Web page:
OAKLAND, Calif. (KGO) -- Brianna Houston's voice is soft but penetrating. She looks away from the camera on the computer as she sings a gospel song. Behind her, her mother, Rachel Butler, and her uncle Dwayne Butler close their eyes as the Oakland high school senior's voice lifts them up into a gospel heaven.
Brianna is a finishing her last semester of high school at Merritt College's Conservatory of Vocal/Instrumental Arts music charter school.
"School was going pretty, pretty good for me because I'm done with all of my high school classes like they require high school classes, so I only take the college classes, so I was barely at the high school anyways." She says. "And then, once I had to stop going to school, it was pretty hard because everything switched to online."
As COVID-19 shut down school districts across the country, schools have had to adapt to online learning in a matter of days and weeks. In California, this has highlighted the digital divide that many cities in the Bay Area face.
According to Tech Exchange, an Oakland-based non-profit that is working to bridge that digital divide gap, 1.5 million residents across the Bay Area, like Brainna, do not have access to a computer at home.
But, a week before the 17-year-old Fruitvale resident was confined to her home due to statewide shelter in place orders, she was able to get a tablet to do school work on and get trained on troubleshooting in case any problems arose -- all for free thanks to Tech Exchange.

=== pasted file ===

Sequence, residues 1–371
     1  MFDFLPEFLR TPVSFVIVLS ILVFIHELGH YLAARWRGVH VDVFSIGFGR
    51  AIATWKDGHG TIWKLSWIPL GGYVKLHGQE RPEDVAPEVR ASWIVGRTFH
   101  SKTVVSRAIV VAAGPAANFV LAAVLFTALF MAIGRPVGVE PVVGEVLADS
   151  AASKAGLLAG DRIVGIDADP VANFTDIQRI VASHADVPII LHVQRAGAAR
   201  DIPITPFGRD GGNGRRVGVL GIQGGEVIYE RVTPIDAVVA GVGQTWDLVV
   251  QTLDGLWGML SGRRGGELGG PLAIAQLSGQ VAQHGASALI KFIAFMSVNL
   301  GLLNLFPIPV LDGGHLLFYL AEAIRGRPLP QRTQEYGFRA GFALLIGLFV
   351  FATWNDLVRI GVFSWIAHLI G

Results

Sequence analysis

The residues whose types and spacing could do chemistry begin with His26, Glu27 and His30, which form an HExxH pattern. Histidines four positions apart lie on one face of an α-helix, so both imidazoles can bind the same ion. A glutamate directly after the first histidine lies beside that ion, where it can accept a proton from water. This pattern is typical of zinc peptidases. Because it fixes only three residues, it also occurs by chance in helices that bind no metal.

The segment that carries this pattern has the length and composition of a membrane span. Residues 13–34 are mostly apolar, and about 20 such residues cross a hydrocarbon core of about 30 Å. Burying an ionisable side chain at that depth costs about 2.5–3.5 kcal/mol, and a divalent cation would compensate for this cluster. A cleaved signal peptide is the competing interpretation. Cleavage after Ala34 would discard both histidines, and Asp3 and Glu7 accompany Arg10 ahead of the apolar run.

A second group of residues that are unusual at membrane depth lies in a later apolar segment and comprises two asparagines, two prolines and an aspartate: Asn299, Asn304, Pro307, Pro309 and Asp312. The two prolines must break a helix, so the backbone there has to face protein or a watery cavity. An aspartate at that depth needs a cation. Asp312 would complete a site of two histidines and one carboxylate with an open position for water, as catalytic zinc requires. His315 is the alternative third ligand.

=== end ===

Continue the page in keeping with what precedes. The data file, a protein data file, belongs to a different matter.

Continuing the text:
Her uncle, Dwayne, works with youth sports and lives near the non-profit's headquarters in Fruitvale.
"I want to learn how to edit video. Because the kids that I'm in contact with, I want to be able to provide them with film (for high school sports recruiters)."
He had little idea where to begin, he told ABC 7.
"I don't have any gadgets at all. I was researching online. How, you know, how I'm gonna do this?"
He walked out of the store with a tablet and a laptop for editing.
"He handed it to me. And, I asked him how much for it? And he told me, he said it's free. He said, 'you don't have to pay anything for it.'"
Since the late 90s, Tech Exchange has provided more than 50,000 refurbished computers and 10,000 hours of digital literacy training to low-income families across the Bay Area.
"We think about digital access as a three legged stool. So in order for someone to be online and be productive online, they need Internet access, says the company CEO Seth Hubbert via a Zoom video chat from his home in Oakland.
"They need a reliable device. And then they need the digital skills to be able to navigate and do what they want," he adds.
The timing for the device could not have been better for Brianna.
"I found out yesterday that I got accepted into Xavier University of Louisiana."
Her mother, Rachel, says despite the coronavirus lockdown, they are going to celebrate Brianna's accomplishment.
"Her graduation may be postponed and...there will be no prom but we're gonna make sure that our family and close friends celebrate the biggest way possible because we're so proud of her."
Coronavirus: Free computers from Oakland group helps students sheltering in place
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